The FGDC Ground Transportation Subcommittee is sponsoring the development of a Framework Transportation Identification Standard for describing road segments as unique geographic features, independent of cartographic and analytic network representation. These road segments will form the basis for sharing and transactional updating of framework road databases.
Creation of the framework will depend on the contribution of transportation databases developed for specific geographic areas and applications by many federal, state, and local transportation agencies. These databases are developed at different scales, with different levels of positional accuracy, detail, currency, and completeness of coverage. They must be "stitched together" to provide the network connectivity required for many transportation applications. When new databases are added to the framework or when specific attributes are updated, users of framework data must be able to cost-effectively incorporate this new information into their applications.
Bruce Spear, of the U.S. Department of Transportation Bureau of Transportation Statistics, chairs the FGDC Ground Transportation Subcommittee. Spear commented on the pressing need for a new standard: "Successful integration of the 'best available' transportation databases into a national framework will support many applications-commercial and public, large-scale and small. However, success depends upon the production of transportation data for each geographic area according to standards that allow users to share data and allow spatial databases to be connected topologically to transportation data for adjacent areas."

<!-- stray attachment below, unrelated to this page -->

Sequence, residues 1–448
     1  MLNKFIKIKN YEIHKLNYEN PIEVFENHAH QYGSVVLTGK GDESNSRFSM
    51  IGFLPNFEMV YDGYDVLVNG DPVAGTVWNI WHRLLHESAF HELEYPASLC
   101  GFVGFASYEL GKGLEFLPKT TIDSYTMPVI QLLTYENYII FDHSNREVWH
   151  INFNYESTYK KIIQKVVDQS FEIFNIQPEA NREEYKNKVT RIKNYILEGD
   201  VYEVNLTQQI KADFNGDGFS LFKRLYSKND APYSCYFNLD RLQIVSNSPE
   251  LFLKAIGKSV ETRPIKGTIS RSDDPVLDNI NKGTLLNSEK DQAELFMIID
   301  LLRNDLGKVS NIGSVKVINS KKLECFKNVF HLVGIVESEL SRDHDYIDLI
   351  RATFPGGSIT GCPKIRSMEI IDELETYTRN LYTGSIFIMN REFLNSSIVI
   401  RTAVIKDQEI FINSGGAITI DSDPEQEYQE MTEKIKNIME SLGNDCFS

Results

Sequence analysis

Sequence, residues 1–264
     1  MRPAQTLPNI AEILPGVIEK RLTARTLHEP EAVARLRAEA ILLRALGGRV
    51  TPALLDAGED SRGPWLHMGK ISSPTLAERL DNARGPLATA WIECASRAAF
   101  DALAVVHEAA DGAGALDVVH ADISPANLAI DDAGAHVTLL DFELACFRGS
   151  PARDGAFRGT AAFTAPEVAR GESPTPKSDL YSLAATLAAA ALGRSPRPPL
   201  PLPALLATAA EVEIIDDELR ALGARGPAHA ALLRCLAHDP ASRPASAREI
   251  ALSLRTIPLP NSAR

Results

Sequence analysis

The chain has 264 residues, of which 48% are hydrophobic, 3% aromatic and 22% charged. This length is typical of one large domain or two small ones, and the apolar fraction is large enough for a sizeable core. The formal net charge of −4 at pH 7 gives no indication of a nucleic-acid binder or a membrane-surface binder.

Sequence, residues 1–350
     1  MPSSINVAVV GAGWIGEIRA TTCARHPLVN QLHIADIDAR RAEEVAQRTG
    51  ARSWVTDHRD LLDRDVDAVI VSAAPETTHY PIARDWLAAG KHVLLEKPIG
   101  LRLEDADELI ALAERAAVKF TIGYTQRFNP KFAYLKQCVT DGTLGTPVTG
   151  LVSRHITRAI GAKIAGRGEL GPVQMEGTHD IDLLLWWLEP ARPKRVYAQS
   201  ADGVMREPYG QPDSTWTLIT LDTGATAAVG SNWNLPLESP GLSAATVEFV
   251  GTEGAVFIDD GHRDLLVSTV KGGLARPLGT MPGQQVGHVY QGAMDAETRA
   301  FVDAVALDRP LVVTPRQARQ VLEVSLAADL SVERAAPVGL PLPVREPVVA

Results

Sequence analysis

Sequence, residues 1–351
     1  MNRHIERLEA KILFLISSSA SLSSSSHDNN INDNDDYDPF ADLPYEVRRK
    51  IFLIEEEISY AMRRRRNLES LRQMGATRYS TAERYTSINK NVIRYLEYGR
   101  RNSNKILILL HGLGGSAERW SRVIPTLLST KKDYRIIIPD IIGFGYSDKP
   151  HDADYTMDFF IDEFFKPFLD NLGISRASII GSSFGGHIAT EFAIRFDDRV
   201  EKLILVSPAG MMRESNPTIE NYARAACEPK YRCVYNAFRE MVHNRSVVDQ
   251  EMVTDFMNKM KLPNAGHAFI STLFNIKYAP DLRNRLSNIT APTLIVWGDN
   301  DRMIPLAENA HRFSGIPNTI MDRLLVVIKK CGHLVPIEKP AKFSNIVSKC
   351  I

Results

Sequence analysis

Spear also pointed out that this FGDC standards development effort is intended to allow the greatest possible opportunity for public discussion of the goals and methods proposed. First, the subcommittee has assembled a technical review team to apply a range of knowledgeable viewpoints in the early stages of development. The team includes representatives of other federal agencies (U.S. Department of Transportation, Federal Highways; U.S. Department of Commerce, Census Bureau; and the Department of the Interior, USGS National Mapping Division), the Intelligent Transportation Systems community, and NSDI partner organizations (the National States Geographic Information Council and the National Association of Counties).